I’ve spoken to Kairi about the comments she’s received and she’s told me she’s not too bothered by them. She’s mentioned that she’s glad some people have gained a new perspective through her writing, and for her this positive net result outweighs the bad. She’s also done a fine job defending herself against the more groundless criticism.
That doesn’t justify the harassment or trolling at all, of course. The reality is that if you’re going to have a public presence on the internet, you have to develop a thick skin – and it shouldn’t be this way. Kairi’s case is linked to a larger problem with internet culture, one that unfortunately can’t be fixed easily.
If anyone from RC is reading this, I suggest that you issue a formal anti-harassment statement that can be seen or accessed from the site’s front page. I’m not entirely sure how the commenting policy works on Random Curiosity because I couldn’t find any official statement. I think it’s better to have a site policy than to not have one, especially considering how many comments RC gets. If the harassment continues, you might even want to consider addressing the issue up front in a post.
To everyone else reading this post, I’ve chosen to write about this particular situation because it’s really a perfect articulation of the sort of anti-feminist, anti-“SJW” nonsense arguments that media critics frequently have to put up with. It may not reach the heights (er, lows) of Gamergate, but the reactionary attitude and petulant behaviour are still present.
RC isn’t the only anime reviewing site where this sort of stuff happens. I mean, who can forget all the rape apologists in the ANN Cross Ange thread? Instead of railing against these so called “SJW” critics, it’s better to actually consider their argument. Ultimately, a big part of art – and art criticism – is how it sheds light on different parts of the human experience, so you’re always better off being receptive to criticism. You may even learn something valuable about the world.
So the takeaway message from this post is this: people can be dicks to critics for stupid reasons. Please don’t be a dick yourself and, if you can, call out dickish behaviour when you do see it. It’s perfectly possible to disagree with a critic in a respectful way. See this post for a great example of that.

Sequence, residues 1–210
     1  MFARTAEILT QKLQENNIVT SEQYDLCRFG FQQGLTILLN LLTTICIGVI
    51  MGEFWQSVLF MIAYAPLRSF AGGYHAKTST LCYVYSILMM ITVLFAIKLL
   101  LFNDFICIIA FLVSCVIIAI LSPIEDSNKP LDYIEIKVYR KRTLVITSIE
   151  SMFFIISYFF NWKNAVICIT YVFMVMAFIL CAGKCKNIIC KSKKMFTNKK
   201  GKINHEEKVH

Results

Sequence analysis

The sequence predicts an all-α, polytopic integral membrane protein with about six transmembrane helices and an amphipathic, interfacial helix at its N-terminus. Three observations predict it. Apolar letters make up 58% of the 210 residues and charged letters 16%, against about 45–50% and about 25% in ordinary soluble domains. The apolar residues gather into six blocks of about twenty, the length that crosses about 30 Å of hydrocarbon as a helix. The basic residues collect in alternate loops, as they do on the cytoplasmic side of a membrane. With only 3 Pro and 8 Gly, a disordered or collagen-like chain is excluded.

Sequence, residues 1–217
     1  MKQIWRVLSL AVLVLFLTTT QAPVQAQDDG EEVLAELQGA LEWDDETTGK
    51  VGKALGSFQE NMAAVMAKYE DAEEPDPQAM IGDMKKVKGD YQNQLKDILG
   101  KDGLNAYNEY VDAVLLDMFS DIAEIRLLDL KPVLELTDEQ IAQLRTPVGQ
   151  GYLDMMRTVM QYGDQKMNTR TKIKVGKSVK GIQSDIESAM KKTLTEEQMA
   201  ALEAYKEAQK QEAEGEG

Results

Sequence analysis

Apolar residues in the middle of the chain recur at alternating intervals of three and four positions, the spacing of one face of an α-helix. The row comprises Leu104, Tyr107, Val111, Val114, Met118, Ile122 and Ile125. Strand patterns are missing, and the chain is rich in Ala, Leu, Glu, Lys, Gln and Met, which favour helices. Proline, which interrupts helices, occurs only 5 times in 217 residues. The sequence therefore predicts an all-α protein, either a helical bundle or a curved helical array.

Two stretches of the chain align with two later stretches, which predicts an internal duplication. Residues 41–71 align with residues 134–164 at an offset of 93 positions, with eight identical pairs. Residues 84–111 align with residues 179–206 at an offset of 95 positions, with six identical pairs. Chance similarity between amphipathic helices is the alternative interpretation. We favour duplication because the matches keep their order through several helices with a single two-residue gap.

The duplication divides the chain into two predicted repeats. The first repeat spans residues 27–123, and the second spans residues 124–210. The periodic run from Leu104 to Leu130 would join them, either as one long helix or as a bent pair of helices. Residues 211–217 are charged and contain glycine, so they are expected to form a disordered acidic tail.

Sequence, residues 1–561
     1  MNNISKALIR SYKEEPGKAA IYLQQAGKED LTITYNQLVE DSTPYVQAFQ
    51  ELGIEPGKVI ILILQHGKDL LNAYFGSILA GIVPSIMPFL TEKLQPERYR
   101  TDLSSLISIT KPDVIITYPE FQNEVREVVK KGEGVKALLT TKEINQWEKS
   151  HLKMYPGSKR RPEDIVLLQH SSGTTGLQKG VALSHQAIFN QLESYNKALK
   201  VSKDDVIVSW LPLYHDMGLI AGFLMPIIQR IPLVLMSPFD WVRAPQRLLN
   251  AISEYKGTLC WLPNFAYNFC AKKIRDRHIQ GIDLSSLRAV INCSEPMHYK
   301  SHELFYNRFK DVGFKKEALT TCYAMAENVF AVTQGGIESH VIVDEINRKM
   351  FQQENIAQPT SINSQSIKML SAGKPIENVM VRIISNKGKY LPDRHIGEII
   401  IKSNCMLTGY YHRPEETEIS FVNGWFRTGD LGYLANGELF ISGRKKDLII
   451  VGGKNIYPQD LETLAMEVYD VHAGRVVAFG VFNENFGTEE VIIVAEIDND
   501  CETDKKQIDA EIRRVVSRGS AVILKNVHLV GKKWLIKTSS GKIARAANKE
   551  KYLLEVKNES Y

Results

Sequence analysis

I guess now is also a good time to mention that my blog now has an anti-harassment policy too. It’s right there in the sidebar, but I’ll copypaste it just so we’re on the same page here:
This blog is full of college kid humour, so I’m pretty lenient about cursing and sex jokes, but please don’t post comments that attack others, especially on the basis of their gender/ethnicity/etc. I will be moderating those comments and I will block anyone who repeatedly comes off as an asshole. Thanks.
As it turns out, owners of private websites and blogs have a right to moderate and delete comments they deem offensive. As an agent of THE EVIL FEMINIST CONSPIRACY, I have moderated comments before (namely dumb rape jokes). And I won’t hesitate to do so in the future. I’m totally not sorry for OPPRESSING YOUR HUMAN RIGHTS.
But seriously, observing social etiquette works in real life, so it should work on the internet too. The right to be an asshole is not a cause worth rallying for. If there’s one thing I learned from Gamergate, it’s that.
Edit: In response to the feedback I’ve gotten on this post, I feel I should clarify what sort of comments I deem offensive:
I am honestly fine with comments from people who don’t agree with liberal values. I permit any comment expressing respectful disagreement. I will even permit comments expressing values I perceive as sexist/racist/etc. as long as I feel they are not written with the intent to harm or slander another person. Of course, I will probably respond expressing my disagreement, but I will only resort to censoring when I think it contributes to an atmosphere of hostility.
If you are a private owner of a website or blog and you are interested in implementing a commenting policy, I suggest you check out John Samuel’s blog for a good example of one.
So far in my time as a blogger, the vast, vast majority of comments I have received have been respectful and constructive. I thank all of you for contributing to this positive environment. I hope that my blog will continue to be a safe place where you can express your views without feeling attacked.
Posted on November 24, 2014, in Editorials and tagged akatsuki no yona, gamergate, internet culture, random curiosity, shigatsu wa kimi no uso, THE EVIL FEMINIST CONSPIRACY. Bookmark the permalink. 50 Comments.